2013-14 NBA regular season is now in the rear-view mirror. And that means that fantasy leagues, with the exception of daily leagues and NBA.com’s Drive to the Finals, are done and dusted.
Now’s the time to look back on what transpired over the last five and a half months and reminisce on all the great performances from a fantasy basketball perspective.
Without further ado, I present to you, the Red Rock Fantasy Basketball Awards Spectacular.
2013-14 Sixth Man Of The Year
And the nominees are:
- Darren Collison, PG, Los Angeles Clippers
- Jamal Crawford, PG/SG, Los Angeles Clippers
- Reggie Jackson, PG, Oklahoma City Thunder
- Patrick Mills, PG, San Antonio Spurs
- Markieff Morris, PF/C, Phoenix Suns
The way I decided to hand out the Sixth Man Of The Year was based on the same qualifications the NBA uses to hand out it’s award. So, a player who comes of the bench for more games than they start, who had the biggest all-around fantasy contribution.
Fifth place — Patty Mills, PG, San Antonio SPurs
10.2 points, 1.7 three-pointers, 2.1 rebounds, 1.8 assists, 0.8 steals, 0.1 blocks, 46.4 FG%, 89.0 FT%, 0.8 turnovers in 81 games.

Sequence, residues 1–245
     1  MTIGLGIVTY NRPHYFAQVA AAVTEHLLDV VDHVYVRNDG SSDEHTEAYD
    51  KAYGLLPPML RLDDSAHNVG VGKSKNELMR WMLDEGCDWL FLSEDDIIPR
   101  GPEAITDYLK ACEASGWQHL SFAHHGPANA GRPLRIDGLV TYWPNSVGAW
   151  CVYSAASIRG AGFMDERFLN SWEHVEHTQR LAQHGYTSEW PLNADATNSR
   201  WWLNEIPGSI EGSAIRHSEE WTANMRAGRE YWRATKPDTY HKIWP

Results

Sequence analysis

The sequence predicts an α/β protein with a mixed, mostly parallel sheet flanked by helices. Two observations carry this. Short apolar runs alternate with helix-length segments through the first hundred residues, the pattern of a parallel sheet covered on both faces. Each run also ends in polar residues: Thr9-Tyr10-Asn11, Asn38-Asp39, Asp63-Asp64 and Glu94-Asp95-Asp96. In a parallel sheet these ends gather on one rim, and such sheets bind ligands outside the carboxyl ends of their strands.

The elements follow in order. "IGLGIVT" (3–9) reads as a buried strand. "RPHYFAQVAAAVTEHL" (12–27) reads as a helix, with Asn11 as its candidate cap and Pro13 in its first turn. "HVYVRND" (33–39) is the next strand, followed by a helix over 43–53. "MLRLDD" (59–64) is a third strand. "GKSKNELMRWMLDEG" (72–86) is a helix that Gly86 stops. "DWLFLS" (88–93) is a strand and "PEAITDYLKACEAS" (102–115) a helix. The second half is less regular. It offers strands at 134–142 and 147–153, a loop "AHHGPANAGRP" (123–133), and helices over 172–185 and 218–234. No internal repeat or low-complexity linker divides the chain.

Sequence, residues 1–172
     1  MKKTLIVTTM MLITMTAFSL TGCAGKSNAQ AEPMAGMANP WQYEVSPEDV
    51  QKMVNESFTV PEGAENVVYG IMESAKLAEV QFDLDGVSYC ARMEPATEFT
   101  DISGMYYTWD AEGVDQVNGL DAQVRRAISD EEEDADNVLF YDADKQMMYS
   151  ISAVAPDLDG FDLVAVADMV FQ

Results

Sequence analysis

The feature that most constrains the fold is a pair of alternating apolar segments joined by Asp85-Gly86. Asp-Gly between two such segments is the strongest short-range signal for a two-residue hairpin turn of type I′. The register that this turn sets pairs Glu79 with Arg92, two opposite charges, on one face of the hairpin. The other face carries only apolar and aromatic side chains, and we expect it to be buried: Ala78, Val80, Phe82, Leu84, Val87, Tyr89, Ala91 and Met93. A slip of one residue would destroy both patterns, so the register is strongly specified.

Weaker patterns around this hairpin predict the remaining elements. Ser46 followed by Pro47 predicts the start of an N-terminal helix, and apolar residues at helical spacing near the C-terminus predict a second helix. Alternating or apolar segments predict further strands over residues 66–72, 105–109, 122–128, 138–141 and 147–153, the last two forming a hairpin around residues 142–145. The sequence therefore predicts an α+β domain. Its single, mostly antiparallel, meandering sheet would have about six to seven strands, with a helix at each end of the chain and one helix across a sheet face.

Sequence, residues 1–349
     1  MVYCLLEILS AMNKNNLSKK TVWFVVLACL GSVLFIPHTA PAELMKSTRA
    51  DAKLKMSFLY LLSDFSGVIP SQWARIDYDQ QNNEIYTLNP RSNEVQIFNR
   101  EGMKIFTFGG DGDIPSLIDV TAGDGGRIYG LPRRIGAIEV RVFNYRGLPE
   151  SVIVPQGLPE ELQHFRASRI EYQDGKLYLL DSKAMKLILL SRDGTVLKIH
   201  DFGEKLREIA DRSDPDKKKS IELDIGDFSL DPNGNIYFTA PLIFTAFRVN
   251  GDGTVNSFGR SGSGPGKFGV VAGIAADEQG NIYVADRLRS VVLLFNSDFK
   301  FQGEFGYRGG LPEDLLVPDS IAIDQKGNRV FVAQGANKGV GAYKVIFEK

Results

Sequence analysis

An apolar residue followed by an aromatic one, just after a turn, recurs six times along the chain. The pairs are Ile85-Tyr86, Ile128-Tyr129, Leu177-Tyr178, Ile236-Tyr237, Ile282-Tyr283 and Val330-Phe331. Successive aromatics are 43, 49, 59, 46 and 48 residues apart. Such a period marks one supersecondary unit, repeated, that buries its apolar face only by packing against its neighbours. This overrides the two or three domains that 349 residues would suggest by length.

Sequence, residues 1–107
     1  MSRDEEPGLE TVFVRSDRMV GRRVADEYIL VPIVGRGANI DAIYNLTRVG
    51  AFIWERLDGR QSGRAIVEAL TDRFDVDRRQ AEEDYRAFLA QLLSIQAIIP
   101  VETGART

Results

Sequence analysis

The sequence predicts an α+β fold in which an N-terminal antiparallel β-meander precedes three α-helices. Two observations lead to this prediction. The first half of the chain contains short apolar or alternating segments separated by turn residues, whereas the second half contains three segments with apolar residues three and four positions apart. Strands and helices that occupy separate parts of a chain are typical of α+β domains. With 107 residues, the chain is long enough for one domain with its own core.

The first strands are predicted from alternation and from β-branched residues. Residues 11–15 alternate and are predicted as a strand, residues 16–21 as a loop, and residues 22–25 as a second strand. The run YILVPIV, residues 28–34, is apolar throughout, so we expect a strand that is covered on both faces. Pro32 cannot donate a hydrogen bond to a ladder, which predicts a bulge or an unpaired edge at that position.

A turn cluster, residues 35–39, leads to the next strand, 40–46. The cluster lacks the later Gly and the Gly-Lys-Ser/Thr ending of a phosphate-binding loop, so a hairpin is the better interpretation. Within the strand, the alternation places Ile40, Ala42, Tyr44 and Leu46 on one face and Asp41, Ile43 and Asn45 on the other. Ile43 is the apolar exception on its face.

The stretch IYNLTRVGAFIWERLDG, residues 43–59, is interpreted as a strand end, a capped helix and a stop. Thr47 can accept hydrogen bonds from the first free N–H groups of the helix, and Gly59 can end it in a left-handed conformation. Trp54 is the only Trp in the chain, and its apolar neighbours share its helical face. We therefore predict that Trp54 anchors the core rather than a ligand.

Believe me when I say that there is absolutely no Australian bias going into the selection of Mills as a Sixth Man candidate. He’s just been that good.
Mills has been putting up standard league fantasy value for most of the season, playing only 18.9 minutes a game for the best team in the NBA. He ended the season as the 79th ranked player in fantasy, a large part of that is his ability to score, hit threes and his amazing shooting percentages.
Mills started only two games for the season and was fantastic in those games. In the starts, he averaged 23.0 points, 4.0 three-pointers, 3.5 rebounds, 4.0 assists and 2.5 steals, numbers which are mind-blowingly good. In fact, based on per-36 numbers, Mills was the number 14 ranked player for the season.
Mills, who is an unrestricted free-agent at season’s end, will be an intriguing fantasy option next season, particularly if a team decides they like him as a starter, or on a team apart from the Spurs where he could get 25-28 minutes a game.
Just keep an eye of the Aussie’s movements this off-season and if he lands somewhere favourable, he may be a fantasy sleeper next season.
Fourth place — Jamal Crawford, PG/SG, Los Angeles Clippers
18.6 points, 2.3 three-pointers, 2.3 rebounds, 3.2 assists, 0.9 steals, 0.2 blocks, 41.6 FG%, 86.6 FT%, 2.0 turnovers in 69 games.
Crawford, who is a leading candidate for the NBA’s Sixth Man award, probably would’ve taken out my fantasy version had he stayed healthy and played more games. As with most of my awards, I base it on total production, as that’s what counts in fantasy.